Well I'll definitely give this a read so thanks for dragging this back to the present. From my first brief skim I can already see there is more though in there than I likely would have put in.

    Originally Posted by johnmeyer View Post
    Also note that I did all of this in Vegas because it is easy to get the tracks aligned
    When compared to avi- or vapoursynth? The realtime frame by frame preview offered by integrated editors like Natron is what put me off those at first. Getting diagnostics should never be hard. With the advice poisondeathray gave me I'm hoping that won't be a problem.


    Originally Posted by lordsmurf View Post
    Originally Posted by VHSCritter View Post
    What am I missing?
    Ain't broke, why fix it? [...] It is the tool that still works best for analog capture.
    The VirtualDub2 fork doesn't work the same way, capture is different, [...]
    I never understand the mindset of "it must be new for me to use it" --- and ironically, to capture VHS tapes. WTF?
    To add to the irony I'll confess to having made that particular argument myself a few all the times.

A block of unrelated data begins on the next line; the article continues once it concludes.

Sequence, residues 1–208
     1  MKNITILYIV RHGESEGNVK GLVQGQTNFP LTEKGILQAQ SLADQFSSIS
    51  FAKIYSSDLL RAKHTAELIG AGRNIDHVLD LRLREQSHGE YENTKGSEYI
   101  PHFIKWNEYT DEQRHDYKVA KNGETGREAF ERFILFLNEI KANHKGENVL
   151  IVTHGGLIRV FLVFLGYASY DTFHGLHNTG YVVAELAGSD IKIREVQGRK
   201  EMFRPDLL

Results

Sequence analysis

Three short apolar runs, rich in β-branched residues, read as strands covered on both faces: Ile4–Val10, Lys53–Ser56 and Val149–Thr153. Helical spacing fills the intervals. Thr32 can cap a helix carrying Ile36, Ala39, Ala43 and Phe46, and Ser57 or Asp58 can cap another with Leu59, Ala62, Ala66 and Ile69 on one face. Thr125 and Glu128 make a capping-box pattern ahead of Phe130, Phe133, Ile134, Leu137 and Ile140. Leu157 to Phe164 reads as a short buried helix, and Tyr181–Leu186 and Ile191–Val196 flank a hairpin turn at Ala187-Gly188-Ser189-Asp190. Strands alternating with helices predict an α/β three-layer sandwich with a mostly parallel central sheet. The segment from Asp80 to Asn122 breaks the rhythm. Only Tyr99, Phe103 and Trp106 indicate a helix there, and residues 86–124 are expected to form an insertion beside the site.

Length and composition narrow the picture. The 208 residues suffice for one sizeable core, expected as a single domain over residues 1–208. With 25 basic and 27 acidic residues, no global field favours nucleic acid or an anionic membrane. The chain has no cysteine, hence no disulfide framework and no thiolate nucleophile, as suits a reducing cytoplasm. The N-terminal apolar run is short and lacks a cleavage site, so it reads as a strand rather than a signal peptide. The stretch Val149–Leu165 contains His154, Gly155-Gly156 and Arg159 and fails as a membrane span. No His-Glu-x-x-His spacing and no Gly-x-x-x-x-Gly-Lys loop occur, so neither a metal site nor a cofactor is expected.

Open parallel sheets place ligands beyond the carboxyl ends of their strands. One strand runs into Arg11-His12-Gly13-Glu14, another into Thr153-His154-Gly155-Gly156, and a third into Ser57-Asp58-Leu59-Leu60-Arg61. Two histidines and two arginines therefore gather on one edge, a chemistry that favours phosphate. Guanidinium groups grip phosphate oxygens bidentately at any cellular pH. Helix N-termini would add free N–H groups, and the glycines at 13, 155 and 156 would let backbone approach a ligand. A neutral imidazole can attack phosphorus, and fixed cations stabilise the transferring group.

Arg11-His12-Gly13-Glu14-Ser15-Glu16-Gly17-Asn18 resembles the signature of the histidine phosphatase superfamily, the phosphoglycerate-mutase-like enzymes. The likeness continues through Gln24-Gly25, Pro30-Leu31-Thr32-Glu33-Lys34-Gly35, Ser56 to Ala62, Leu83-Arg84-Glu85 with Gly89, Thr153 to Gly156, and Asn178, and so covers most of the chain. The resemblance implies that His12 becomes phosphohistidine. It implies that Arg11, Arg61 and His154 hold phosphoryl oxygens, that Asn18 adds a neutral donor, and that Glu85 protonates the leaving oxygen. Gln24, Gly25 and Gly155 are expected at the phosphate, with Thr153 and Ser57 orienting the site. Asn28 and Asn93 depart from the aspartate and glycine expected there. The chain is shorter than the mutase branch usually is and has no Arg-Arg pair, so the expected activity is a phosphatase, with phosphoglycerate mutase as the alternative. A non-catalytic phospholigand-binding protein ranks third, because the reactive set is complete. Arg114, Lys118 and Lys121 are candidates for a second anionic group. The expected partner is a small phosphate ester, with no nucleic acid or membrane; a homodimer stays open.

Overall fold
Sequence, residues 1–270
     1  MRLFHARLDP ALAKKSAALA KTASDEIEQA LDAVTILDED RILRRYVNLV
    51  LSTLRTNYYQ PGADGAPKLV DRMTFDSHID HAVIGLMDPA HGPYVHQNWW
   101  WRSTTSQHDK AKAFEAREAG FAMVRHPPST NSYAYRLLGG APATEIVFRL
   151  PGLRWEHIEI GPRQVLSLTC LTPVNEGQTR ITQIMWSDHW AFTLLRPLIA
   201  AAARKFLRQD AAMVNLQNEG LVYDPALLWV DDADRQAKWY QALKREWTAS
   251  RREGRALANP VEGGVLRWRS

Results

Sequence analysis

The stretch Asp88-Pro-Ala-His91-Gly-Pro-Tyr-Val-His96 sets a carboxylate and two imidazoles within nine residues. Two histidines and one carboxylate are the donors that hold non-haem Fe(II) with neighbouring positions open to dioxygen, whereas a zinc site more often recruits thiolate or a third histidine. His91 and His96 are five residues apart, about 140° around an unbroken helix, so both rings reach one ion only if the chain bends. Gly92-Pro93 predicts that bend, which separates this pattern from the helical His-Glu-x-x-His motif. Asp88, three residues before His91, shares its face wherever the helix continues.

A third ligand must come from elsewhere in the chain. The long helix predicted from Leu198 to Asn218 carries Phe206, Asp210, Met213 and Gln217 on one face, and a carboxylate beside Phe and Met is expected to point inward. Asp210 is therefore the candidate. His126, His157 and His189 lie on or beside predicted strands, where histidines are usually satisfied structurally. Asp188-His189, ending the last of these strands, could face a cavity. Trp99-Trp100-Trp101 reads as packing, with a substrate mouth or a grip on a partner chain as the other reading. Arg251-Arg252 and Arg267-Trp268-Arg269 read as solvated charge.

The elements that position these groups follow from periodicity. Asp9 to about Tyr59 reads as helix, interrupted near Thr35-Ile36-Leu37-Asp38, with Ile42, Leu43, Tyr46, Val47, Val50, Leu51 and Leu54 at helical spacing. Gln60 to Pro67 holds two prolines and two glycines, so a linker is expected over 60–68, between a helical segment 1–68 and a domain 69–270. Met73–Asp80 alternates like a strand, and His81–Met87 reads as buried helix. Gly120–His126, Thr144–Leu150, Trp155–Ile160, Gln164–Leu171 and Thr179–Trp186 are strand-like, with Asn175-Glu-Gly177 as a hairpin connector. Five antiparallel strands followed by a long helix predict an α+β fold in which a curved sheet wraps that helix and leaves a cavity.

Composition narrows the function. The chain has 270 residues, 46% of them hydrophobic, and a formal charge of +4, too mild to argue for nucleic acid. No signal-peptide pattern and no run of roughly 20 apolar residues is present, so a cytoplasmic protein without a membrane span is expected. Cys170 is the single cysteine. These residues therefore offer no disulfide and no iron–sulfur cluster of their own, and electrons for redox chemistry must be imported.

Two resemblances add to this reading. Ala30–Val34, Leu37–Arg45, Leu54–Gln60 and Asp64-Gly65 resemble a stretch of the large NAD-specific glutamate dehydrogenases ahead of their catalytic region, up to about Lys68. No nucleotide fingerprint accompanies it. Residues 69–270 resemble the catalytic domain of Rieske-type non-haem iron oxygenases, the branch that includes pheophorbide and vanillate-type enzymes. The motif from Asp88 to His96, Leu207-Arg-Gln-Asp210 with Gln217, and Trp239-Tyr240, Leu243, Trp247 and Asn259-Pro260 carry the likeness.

Originally Posted by lordsmurf View Post
    Originally Posted by VHSCritter View Post
    Would I be able to compensate with a bitrate high enough?
    And remove all GOP, I-frame only.
    And 4:2:2
    I'm guessing that means:
    Keyframe Interval: 1
    B Frames: 0 (I'm guessing setting KI to 1 makes this setting redundant but better be sure)

    Would you say 12000 Kbps are enough? Looking at the resulting videos I didn't really spot a difference even with 9000.

    geforce 960m
    Graphics cards are meaningless for video capture.
    Sadly that's only true if the system is fast enough to compress the capture on the fly to not drop frames. Sadly the 960m does not offer hardware acceleration for many codecs with h264 being the most customizable one. The less said about Intel the better.

    Your point about good results requiring good hardware proves itself time and again.
    Now if only I wasn't such a cheap b*stard...

    Well I better get back to my pre-scheduled VHS capture insanity


    Am I right to assume its better to:

    1. capture at 720x576
    2. process
    3. crop/refill and stretch to 768x576

    and forget about setting AR fields which might just be ignored?
    My thought is that while it might take more space this guarantees reproduce-able results.